Red Bull is embarking on an exciting project with Honda, who worked diligently in 2018 with Toro Rosso to make slow but steady progress on its much-maligned engine. The improvements of last season have raised expectations in the Red Bull camp, with Christian Horner claiming at the end of last year that Honda was already ahead of former engine partner Renault.
Red Bull has not had the power unit to challenge for a championship since the introduction of V-6 turbos ended its run of dominance at the beginning of the current decade. But it has lost none of its prowess in the aerodynamic department -- in previous seasons Red Bull has shown it can compete with Mercedes and Ferrari for occasional race wins despite a significant power disadvantage.
It remains to be seen whether Honda is ready to help sustain a challenge over 21 races. There is no doubting the fact that if it is a better engine than Renault, as Red Bull believes, it will be in tremendous shape. The team might have lost Daniel Ricciardo to the Renault factory team, but the prospect of the constantly improving Max Verstappen is hugely exciting and reason alone to tune in to the season opener in Australia on March 17.
Has Ricciardo made a terrible mistake?
Speaking of Ricciardo, he is likely to face a lot of questions about the form of Red Bull this year. The Australian's decision to switch to Renault's factory team is, right now, a step backwards from a team entering an exciting new era to one which is currently best of the distant midfield pack.
Renault is clearly making progress, but it's hard to see the team bridging the gap to the front in 2019. Ricciardo has consistently said he was looking at the team's long-term future and he's got himself in on the ground floor of a team determined to put itself back at the front end of the grid. The French manufacturer has one eye on the next set of regulation changes and appears to be the most viable candidate right now to turn the "top three" into a "top four" before 2021, but it still would be a major achievement in just two seasons.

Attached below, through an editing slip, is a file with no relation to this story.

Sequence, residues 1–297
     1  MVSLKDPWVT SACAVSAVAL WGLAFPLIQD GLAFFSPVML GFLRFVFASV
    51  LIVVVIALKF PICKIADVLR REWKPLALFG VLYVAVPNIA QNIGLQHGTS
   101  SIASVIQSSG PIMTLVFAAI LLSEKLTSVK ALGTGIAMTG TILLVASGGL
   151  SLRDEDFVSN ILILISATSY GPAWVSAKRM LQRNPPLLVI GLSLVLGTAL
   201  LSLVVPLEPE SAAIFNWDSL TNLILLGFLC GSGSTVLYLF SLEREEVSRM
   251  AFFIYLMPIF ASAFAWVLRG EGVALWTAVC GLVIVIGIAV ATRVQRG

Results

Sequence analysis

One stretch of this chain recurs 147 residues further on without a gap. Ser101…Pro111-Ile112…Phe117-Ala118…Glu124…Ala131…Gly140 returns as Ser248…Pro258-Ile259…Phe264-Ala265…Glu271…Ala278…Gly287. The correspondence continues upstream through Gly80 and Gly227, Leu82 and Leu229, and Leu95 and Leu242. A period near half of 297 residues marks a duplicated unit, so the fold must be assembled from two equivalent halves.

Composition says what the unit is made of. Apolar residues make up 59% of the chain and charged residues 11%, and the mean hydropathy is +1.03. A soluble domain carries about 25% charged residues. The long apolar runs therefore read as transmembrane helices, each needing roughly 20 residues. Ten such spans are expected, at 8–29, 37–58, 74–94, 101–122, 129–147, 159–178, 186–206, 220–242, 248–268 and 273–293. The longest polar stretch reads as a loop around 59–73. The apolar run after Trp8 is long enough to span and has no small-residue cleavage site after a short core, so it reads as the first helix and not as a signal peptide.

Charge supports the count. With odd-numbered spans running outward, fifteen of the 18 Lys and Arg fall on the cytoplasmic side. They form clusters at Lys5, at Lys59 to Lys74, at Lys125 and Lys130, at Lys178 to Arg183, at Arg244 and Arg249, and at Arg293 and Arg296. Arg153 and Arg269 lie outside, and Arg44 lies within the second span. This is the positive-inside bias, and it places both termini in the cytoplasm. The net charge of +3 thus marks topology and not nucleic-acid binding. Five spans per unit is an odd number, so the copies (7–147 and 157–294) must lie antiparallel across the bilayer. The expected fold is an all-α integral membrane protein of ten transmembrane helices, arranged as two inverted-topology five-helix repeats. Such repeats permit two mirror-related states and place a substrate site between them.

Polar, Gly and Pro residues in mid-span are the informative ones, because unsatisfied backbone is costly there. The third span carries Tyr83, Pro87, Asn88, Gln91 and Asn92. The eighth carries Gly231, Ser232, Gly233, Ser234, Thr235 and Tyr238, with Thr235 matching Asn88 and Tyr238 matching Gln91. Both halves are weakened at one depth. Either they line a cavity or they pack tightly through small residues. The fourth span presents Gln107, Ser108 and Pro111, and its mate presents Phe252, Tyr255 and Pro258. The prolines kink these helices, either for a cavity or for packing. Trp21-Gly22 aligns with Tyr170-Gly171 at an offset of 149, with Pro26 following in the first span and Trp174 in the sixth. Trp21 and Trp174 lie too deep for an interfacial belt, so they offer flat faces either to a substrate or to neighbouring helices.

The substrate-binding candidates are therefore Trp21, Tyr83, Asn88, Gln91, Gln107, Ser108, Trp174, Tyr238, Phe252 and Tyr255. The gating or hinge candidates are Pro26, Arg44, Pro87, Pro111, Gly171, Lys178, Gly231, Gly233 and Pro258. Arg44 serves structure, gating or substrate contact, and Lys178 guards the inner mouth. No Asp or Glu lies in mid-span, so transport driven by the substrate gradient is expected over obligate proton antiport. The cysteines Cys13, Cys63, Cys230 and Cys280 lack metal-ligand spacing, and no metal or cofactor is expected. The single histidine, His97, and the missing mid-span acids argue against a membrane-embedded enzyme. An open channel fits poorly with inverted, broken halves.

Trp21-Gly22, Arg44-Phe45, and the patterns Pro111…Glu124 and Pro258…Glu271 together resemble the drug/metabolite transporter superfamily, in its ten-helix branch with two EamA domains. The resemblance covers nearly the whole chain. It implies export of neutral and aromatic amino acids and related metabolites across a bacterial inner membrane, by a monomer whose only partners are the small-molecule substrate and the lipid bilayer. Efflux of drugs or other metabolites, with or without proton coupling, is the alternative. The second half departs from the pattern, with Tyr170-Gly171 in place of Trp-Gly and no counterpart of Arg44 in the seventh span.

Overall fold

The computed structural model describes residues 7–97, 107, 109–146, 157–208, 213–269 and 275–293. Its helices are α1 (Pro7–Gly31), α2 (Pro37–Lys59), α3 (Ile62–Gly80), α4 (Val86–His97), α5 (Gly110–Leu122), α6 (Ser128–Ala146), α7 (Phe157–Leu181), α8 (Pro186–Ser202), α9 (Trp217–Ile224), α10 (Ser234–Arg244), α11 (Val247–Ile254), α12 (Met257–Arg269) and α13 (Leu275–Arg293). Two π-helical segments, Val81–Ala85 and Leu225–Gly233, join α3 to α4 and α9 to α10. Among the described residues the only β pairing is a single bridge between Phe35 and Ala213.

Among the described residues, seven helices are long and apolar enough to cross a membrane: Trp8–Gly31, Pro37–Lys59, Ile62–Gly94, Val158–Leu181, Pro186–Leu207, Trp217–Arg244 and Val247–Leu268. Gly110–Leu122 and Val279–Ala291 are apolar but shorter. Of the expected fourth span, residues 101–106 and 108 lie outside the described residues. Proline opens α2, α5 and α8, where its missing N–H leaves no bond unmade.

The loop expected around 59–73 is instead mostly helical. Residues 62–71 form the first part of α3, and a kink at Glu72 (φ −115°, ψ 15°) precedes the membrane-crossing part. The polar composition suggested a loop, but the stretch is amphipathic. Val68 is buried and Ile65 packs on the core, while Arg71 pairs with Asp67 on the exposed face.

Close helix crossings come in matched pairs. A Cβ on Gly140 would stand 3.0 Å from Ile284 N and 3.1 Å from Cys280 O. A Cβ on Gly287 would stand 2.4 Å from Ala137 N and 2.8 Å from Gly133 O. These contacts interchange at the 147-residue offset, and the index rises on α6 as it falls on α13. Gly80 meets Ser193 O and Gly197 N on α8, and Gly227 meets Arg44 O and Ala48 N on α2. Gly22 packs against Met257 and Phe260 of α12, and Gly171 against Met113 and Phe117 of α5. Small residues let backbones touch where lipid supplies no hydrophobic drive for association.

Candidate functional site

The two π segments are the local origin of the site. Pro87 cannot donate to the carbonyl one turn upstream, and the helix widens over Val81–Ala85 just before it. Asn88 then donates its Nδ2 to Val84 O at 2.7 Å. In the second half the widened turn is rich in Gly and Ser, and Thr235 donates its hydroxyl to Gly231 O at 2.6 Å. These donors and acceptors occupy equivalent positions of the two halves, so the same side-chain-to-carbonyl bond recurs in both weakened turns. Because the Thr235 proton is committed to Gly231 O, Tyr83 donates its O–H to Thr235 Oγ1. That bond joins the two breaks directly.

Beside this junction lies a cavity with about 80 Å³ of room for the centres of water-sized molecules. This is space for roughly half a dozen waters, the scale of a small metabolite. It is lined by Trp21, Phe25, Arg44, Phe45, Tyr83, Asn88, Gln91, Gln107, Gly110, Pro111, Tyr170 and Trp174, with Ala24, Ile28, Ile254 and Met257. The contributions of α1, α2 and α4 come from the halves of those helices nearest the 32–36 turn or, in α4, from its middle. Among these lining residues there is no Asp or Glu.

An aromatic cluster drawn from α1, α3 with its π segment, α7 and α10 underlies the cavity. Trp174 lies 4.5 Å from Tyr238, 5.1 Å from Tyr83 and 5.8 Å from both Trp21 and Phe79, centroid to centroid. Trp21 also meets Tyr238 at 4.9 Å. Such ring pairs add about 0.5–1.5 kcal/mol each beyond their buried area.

Progress might be slow this year, and that situation might be made all the more painful if Red Bull's partnership with Honda lives up to the lofty expectations listed above. Ricciardo spent five years waiting for a Red Bull capable of winning a championship -- he might be left kicking himself if that's exactly what the team has with its new partner in 2019.
What if Fernando Alonso and McLaren win the Indy 500?
Opinion in the paddock is split over whether Fernando Alonso's departure from Formula One is a full-blown retirement or a temporary hiatus. If McLaren ever finds a remedy for its current situation, it is hard to see Alonso staying away, but company boss Zak Brown has downplayed the chances of that turnaround happening any time soon.
Alonso and McLaren will return to the Indy 500 this year. There are numerous reasons behind that decision: Alonso has grown disillusioned with F1 and needs to win the Indy 500 to complete motor racing's triple crown, which also includes Monaco and the Le Mans 24 Hours. McLaren is doing the event as it continues to weigh up the potential of a full-time entry to the IndyCar series in 2020.
Some have suggested a foray into North American open-wheel racing is the last thing McLaren needs while facing such a dismal situation in F1. Winning the famous oval race would be a huge achievement and likely a welcome distraction from its struggles of the recent past but might also fuel Brown's desire to increase the team's activities away from F1. It would also mean Alonso ticks off his major challenge away from the F1 grid and could well lead to him considering whether he left the championship prematurely. The coinciding form of McLaren's car this year will also weigh into this scenario. Watch this space.